The DRB region of the human and great-ape major histocompatibility complex displays not only gene but also haplotype polymorphism. The number of genes in the human DRB region can vary from one to four, and even greater variability exists among the DRB haplotypes of chimpanzees, gorillas, and orangutans. Accumulating evidence indicates that, like gene polymorphism, part of the haplotype polymorphism predates speciation. In an effort to determine when the gene haplotype polymorphisms emerged in the primate lineage, we sequenced three cDNA clones of the New-World monkey, the cottontop tamarin (Saguinus oedipus). We could identify two DRB loci in this species, one (Saoe-DRBl) occupied by apparently functional alleles (*0101 and *0/02) which differ by only two nucleotide substitutions and the other (Saoe-DRB2) occupied by an apparent pseudogene. The SaoeDRB2 gene contains an extra sequence derived from the 3′ portion of exon 2 and placed 5 prime; to this exon. This sequence contains a stop codon which makes the translation of the bulk of the Saoe-DRB2 gene unlikely. Preliminary Southern blot hybridization analysis with probes derived from these two genes suggests that both the DRB gene polymorphism and the haplotype polymorphism in the cottontop tamarin may be low. In most individuals the DRB region of this species probably consists of three genes. Comparisons of the Saoe-DRB sequences with those of other primates suggest that probably all of the DRB genes found until now in the Catarrhini were derived from a common ancestor after the separation of the Catarrhini and Platyrrhini lineages. The extant DRB gene and haplotype polymorphism may therefore have been founded in the mid-Oligocene some 33 Mya.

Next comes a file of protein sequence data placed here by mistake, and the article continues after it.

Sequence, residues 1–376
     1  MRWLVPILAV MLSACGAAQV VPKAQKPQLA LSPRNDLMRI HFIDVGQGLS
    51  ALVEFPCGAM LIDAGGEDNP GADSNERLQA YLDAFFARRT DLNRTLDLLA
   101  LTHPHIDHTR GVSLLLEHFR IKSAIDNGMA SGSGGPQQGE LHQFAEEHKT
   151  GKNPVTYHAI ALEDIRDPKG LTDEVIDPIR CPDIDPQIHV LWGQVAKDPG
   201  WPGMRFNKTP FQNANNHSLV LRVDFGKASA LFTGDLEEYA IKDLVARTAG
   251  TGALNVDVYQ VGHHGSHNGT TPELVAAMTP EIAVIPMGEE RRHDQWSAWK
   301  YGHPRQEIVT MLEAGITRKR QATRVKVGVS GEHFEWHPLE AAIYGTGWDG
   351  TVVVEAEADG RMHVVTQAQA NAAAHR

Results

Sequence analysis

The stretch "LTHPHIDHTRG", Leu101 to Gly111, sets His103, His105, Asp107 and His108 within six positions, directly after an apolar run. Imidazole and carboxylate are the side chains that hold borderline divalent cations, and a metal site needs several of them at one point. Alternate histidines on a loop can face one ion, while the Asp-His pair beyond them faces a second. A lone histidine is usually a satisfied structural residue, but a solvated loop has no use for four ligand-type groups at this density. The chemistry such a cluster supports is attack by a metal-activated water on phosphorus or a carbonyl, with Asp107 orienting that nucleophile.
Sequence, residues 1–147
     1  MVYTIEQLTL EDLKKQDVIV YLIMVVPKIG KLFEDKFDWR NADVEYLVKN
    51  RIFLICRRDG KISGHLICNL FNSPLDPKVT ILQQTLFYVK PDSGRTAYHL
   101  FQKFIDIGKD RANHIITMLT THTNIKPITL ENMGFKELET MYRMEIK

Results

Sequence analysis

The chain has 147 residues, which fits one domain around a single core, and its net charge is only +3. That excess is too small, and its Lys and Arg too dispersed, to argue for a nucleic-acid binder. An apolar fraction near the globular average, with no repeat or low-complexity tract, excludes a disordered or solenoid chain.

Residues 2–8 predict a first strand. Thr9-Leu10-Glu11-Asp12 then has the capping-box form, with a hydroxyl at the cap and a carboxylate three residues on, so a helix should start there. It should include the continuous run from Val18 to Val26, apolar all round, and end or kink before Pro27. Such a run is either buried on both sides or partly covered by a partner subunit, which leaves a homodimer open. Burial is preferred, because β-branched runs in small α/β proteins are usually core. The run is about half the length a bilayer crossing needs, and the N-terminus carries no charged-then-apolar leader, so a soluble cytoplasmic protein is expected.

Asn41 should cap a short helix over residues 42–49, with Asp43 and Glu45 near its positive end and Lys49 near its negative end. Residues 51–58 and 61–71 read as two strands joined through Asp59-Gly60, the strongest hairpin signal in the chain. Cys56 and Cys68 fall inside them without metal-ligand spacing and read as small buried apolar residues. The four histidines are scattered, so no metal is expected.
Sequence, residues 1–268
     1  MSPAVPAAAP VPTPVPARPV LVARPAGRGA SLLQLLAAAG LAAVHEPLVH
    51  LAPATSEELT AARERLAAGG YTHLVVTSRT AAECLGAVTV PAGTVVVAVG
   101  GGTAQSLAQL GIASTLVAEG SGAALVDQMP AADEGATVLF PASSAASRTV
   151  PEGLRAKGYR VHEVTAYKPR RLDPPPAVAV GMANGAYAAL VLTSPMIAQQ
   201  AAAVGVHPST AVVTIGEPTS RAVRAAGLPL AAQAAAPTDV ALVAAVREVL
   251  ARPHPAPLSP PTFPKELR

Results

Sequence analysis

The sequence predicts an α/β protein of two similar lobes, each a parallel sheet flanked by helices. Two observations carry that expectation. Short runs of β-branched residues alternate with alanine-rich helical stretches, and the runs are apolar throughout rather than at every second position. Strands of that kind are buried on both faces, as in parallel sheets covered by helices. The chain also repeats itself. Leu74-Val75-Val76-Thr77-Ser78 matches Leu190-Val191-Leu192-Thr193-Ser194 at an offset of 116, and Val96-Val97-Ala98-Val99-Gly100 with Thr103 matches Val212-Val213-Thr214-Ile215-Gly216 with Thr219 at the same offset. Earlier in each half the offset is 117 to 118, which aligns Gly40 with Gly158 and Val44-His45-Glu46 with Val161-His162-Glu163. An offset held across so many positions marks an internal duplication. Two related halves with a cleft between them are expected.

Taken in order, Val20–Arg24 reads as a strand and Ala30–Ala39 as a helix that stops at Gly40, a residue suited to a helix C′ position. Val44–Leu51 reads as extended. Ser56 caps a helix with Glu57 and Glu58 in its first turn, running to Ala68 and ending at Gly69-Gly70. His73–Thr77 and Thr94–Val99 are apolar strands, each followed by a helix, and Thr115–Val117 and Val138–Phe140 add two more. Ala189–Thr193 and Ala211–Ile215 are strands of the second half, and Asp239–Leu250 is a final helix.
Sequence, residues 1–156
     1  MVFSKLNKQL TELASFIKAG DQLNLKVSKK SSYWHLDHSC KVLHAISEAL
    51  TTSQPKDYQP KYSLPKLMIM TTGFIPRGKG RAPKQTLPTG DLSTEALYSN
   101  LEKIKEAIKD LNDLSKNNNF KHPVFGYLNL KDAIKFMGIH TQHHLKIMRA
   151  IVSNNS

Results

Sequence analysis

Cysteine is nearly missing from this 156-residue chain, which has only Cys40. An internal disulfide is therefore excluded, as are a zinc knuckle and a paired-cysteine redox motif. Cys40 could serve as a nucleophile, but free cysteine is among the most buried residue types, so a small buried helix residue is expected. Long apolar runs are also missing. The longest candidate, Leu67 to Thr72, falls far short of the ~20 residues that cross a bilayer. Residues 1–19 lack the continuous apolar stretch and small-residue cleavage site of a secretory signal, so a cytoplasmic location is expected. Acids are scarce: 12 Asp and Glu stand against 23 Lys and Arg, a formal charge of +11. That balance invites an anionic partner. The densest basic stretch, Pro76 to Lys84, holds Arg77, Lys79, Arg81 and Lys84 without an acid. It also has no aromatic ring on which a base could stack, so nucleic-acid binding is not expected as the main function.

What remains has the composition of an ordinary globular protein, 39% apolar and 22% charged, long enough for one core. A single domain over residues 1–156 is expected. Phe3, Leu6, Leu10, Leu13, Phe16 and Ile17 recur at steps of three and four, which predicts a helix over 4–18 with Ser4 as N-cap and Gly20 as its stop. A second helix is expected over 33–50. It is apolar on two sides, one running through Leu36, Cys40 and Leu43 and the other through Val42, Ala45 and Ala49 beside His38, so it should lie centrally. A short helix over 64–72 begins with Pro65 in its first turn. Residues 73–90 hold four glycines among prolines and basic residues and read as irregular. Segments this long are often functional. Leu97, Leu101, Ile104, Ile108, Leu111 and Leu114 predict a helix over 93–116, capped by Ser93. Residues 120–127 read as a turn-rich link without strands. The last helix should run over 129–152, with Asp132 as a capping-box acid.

|Original language||English (US)|
|Number of pages||14|
|Journal||Molecular biology and evolution|
|State||Published - 1992|
All Science Journal Classification (ASJC) codes
- Ecology, Evolution, Behavior and Systematics
- Molecular Biology